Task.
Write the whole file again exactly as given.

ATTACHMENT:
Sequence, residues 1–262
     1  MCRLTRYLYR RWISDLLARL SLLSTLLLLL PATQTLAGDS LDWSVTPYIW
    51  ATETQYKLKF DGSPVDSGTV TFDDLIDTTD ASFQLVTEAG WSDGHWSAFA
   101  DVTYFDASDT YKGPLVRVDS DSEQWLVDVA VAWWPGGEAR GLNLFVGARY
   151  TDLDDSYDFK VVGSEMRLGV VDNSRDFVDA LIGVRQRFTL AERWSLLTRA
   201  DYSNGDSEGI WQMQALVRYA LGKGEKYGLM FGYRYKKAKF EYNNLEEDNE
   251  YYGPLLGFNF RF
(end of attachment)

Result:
Sequence, residues 1–262
     1  MCRLTRYLYR RWISDLLARL SLLSTLLLLL PATQTLAGDS LDWSVTPYIW
    51  ATETQYKLKF DGSPVDSGTV TFDDLIDTTD ASFQLVTEAG WSDGHWSAFA
   101  DVTYFDASDT YKGPLVRVDS DSEQWLVDVA VAWWPGGEAR GLNLFVGARY
   151  TDLDDSYDFK VVGSEMRLGV VDNSRDFVDA LIGVRQRFTL AERWSLLTRA
   201  DYSNGDSEGI WQMQALVRYA LGKGEKYGLM FGYRYKKAKF EYNNLEEDNE
   251  YYGPLLGFNF RF